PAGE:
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ARS Home » Pacific West Area » Pullman, Washington » Plant Germplasm Introduction and Testing Research » Research » Publications at this Location » Publication #295532

Research Project: Management of Plant Genetic Resources and Associated Information

Location: Plant Germplasm Introduction and Testing Research

Title: Yeasts: What's in a name? A brief reconnaissance and sampling of literature

item Dugan, Frank

Submitted to: Fungi
Publication Type: Peer Reviewed Journal
Publication Acceptance Date: 9/26/2013
Publication Date: 12/1/2013
Citation: Dugan, F.M. 2013. Yeasts: What's in a name? A brief reconnaissance and sampling of literature. Fungi. 6(4):45-46.

Interpretive Summary: In accordance with FUNGI magazine's role as a bridge between professional and amateur mycologists, a brief (840 words) explanation is presented on the scientific nomenclature of yeasts used for commercial production of wine and beers (including top-fermented ales, and bottom-fermented lagers and pilsners). Genus names, species and subspecific names, and the proper use of authors' names are decribed in the context of examples. A brief review is provided on the important role of species hybrids in bottom-fermented beverages and (more rarely, for other hybrids) some wines. Controversy attends the discovery of Saccharomyces eubayanus (seemingly a component of hybrids now employed in lager production), because that species is so far known in nature only from Patagonia.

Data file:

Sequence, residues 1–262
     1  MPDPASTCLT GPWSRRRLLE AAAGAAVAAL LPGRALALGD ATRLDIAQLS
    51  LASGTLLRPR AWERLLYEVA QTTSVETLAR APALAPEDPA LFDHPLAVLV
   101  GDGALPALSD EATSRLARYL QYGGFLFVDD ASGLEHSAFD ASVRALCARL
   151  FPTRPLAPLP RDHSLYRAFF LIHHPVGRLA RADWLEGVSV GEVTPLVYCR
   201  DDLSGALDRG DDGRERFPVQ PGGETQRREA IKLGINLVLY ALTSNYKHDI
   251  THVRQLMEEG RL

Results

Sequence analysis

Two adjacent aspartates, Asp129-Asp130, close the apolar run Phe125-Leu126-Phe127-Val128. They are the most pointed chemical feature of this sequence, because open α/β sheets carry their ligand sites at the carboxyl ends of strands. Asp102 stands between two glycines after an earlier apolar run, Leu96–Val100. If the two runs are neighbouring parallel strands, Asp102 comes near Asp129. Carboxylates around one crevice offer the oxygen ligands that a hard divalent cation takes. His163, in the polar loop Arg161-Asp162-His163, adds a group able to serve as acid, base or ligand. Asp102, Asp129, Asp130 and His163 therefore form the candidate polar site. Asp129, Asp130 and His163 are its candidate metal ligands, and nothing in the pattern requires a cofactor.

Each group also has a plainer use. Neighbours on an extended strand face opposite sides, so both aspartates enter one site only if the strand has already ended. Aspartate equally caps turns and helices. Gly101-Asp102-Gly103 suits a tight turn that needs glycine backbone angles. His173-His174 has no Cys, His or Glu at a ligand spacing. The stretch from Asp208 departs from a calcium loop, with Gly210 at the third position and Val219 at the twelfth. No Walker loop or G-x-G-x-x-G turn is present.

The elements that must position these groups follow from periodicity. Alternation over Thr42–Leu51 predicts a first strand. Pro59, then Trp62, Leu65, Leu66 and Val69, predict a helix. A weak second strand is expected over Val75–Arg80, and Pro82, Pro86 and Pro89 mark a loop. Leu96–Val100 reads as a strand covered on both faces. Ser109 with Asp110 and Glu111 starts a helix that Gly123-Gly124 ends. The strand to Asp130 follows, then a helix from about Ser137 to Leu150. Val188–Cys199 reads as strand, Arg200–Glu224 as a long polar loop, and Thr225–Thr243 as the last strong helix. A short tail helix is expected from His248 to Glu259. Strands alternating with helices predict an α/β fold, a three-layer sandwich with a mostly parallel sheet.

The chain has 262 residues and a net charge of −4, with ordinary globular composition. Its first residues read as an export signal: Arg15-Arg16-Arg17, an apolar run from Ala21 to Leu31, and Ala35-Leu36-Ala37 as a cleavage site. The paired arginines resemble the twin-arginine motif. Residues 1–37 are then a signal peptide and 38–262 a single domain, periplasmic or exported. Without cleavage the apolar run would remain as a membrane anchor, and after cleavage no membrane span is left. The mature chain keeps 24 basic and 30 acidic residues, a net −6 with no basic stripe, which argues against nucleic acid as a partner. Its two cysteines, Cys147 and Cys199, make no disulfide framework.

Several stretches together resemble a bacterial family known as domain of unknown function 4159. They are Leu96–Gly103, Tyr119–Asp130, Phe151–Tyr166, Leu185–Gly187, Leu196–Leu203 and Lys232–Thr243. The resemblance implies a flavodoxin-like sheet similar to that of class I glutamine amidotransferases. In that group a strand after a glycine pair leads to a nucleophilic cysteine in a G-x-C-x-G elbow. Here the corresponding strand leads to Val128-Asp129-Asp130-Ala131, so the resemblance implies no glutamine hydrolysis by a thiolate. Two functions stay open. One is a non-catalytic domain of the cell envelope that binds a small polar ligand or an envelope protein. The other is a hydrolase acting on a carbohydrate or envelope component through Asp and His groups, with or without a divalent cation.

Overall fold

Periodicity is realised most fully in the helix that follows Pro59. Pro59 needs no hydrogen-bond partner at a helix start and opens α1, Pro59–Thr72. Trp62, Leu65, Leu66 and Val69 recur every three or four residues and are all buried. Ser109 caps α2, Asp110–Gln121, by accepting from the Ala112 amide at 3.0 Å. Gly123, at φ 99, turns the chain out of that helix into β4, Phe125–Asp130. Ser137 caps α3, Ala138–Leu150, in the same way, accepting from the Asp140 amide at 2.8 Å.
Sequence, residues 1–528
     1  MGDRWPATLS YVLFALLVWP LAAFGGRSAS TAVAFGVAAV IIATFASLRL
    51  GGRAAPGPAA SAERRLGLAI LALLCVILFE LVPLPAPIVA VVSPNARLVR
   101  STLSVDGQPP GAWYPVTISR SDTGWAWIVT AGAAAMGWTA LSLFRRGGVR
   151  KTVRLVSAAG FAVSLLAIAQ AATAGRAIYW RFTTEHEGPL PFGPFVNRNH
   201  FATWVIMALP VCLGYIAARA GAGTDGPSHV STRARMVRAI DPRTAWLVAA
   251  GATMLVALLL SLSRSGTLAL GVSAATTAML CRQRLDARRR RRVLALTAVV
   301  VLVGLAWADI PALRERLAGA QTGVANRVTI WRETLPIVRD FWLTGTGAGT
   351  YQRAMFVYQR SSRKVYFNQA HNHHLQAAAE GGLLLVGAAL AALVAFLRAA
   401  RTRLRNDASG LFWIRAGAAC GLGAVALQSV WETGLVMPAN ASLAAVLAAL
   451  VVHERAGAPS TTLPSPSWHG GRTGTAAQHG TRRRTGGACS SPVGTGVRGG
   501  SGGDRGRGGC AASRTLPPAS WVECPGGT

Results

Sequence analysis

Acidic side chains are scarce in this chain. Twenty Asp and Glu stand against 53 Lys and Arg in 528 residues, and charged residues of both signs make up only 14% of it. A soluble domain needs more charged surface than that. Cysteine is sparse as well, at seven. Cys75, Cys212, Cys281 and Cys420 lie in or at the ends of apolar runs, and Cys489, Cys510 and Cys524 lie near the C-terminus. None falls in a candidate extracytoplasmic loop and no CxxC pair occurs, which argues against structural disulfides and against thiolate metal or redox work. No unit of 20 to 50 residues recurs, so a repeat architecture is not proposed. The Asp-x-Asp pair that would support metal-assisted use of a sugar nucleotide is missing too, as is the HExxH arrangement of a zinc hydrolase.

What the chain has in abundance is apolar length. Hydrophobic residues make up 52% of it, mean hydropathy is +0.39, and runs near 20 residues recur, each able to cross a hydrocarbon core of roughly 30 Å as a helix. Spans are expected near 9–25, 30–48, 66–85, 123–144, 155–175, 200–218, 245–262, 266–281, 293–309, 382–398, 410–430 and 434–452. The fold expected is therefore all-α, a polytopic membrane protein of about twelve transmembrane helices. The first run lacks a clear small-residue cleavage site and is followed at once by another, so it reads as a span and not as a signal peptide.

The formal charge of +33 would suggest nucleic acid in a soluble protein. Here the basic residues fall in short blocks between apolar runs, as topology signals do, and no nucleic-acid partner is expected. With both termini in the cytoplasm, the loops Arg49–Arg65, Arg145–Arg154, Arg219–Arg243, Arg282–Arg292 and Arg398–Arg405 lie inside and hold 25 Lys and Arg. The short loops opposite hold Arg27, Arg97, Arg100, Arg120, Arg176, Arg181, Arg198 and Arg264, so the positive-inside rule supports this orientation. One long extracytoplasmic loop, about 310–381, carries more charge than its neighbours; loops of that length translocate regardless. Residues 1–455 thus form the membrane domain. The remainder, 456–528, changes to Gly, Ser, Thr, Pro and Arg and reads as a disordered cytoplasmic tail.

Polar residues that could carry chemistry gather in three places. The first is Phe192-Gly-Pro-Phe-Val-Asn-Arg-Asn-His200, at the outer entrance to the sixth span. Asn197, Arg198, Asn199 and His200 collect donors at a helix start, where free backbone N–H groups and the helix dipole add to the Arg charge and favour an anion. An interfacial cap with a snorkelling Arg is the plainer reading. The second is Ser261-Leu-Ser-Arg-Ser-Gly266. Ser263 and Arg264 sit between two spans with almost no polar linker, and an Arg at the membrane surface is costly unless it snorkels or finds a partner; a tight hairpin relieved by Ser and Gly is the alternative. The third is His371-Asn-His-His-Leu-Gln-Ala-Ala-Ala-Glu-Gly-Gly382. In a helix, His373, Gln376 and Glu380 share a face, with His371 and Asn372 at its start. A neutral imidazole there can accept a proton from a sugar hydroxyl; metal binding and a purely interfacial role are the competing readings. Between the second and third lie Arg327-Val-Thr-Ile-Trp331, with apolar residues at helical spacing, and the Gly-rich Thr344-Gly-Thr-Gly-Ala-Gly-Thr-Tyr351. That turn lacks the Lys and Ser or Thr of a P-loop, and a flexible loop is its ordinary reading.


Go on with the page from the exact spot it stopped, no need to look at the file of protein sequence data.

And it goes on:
Technical Abstract: Scientific names (including authors) are provided for certain yeasts used by vintners and brewers: Saccharomyces cerevisiae Meyen ex E.C. Hansen, Saccharomyces bayanus var. uvarum (Beij.) G.I. Naumov (synonym Saccharomyces uvarum Beij.), Saccharomyces pastorianus Reess ex E.C. Hansen (synonym Saccharomyces carlsbergensis E.C. Hansen), Saccharomyces bayanus Sacc., Saccharomyces kudriavzevii G.I. Naumov, S.A. James, E.S. Naumova, E.J. Louis & I.N. Roberts, and Saccharomyces eubayanus Sampaio, Libkind, Hittinger, P. Gonçalves, Valério, C. Gonçalves, Dover & Johnson. The role of hybridization amongst yeasts used for bottom fermented beers is discussed, especially controversies involving historical biogeography of S. eubayanus.